Rustler has been on Steam’s Early Access since February of this year, but has only recently fully-launched. You’re thrown back into the good ol’ medieval days as Guy, who just wants to join the Grand Tournament.
Well, his buddy, Buddy, has forced him to want to. Now, Guy’s also forced to commit all sorts of nefariously hilarious deeds in order to get there. What could go wrong?
Sup, Guy, my guy
Right off the bat, I have to mention just how hilarious this game is. The self-proclaimed “Monty Pythonesque” humour isn’t only within the game’s dialogue, but scattered throughout the game, as well. I may have snort-laughed during my livestream playthrough of the game. Multiple times. There hasn’t been a dull moment yet!
Hot tip: if you’re interested in playing the game, keep an eye out for the High Stakes mission. That’s my absolute favourite quest thus far.
Another thing is how weirdly psychic the game is. Just when I’m about to complain about long travel times, a quick-travel ring appears in my vision. When I’m about to get frustrated about not making enough money, a passive income source appears. It seems that the developers had thought of quite a lot of things… but sadly, not enough.
While I’ve so far enjoyed the game, I couldn’t help but notice a lot of quality-of-life things that were just not there.
First off, some of the button maps just don’t make sense – at least, not while I was playing on the Switch. Turning on the map with the minus-button is simple enough, but I’d like to have been able to get out of the map screen with an easy B-button press. As of writing, I get in and out of the map screen with the same button and nothing else.
On top of that, I would have liked map markers. Or, at the very least, know where my homes are, similar to knowing where the next quest is.
Just as I was writing this review, I noticed something rather odd. There’s a “hidden quest” that requires you to scout out various kinds of horses, so I thought I’d head over to a populated road to find them. I discovered that if you stand still, NPCs will just stop spawning.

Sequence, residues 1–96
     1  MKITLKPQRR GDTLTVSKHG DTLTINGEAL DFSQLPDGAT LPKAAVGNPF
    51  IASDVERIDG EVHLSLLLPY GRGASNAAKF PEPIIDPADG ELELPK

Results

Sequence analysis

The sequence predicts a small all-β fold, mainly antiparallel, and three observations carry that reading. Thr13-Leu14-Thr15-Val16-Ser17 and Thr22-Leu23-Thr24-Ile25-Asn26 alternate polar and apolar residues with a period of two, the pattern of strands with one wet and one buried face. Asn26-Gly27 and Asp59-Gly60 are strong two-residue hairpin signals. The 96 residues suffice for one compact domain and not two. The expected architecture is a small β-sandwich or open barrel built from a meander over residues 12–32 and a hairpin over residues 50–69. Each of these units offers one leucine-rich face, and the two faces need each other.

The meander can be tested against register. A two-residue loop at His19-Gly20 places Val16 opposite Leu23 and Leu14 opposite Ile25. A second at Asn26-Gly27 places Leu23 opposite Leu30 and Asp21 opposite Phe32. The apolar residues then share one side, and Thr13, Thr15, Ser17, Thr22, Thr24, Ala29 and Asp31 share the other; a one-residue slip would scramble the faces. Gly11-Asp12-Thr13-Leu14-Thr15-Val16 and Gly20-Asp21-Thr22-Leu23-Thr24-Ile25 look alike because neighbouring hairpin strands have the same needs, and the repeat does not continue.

Unfortunately, the game’s bugginess gets worse as you progress further. I was honestly willing to brush the bugs off at first, but then they started to actually impede on my ability to finish quests. Sometimes I’d find it difficult to reverse my horse to get out of a tight spot, while other times I simply couldn’t get on the horse. Once, I wasted all my crossbow ammo trying, and failing, to trigger an event. If it had just been one or two issues, I wouldn’t have given them a second thought, particularly as it’s an indie title, but they became too much to ignore.
I’m pretty sure these are all fixable issues, and they may only be problems on the Switch, rather than every platform. But they’re just some potential things to be aware of while you’re wreaking havoc.
Rustler is chock-full of cheeky humour (I genuinely don’t think I’ve laughed this hard at a game in a long time), served alongside a decent portion of violence. Despite the faults, it’s a great throwback to the classic Grand Theft Auto games, and I’m keen on looking where the journey takes me – though, I’m probably not going to stream it again, which is a shame, really, as I had so much fun with it at first.
All in all, if you’ve been looking for a 3D-style throwback to the original Grand Theft Auto, then Rustler is for you. Just… remember to breathe.
THREE STARS (OUT OF FIVE)
Highlights: Great throwback, hilarious humour
Lowlights: Unintuitive controls, gets progressively more buggy as the game goes on
Developer: Jutsu Games
Publisher: Modus Games
Platforms: PC, PlayStation 4, PlayStation 5, Xbox Series X, Nintendo Switch
Review conducted on Nintendo Switch with a code provided by the publisher. Catch Jasmin playing Rustler and more on Twitch—Tuesdays & Thursdays starting at 2PM AEST!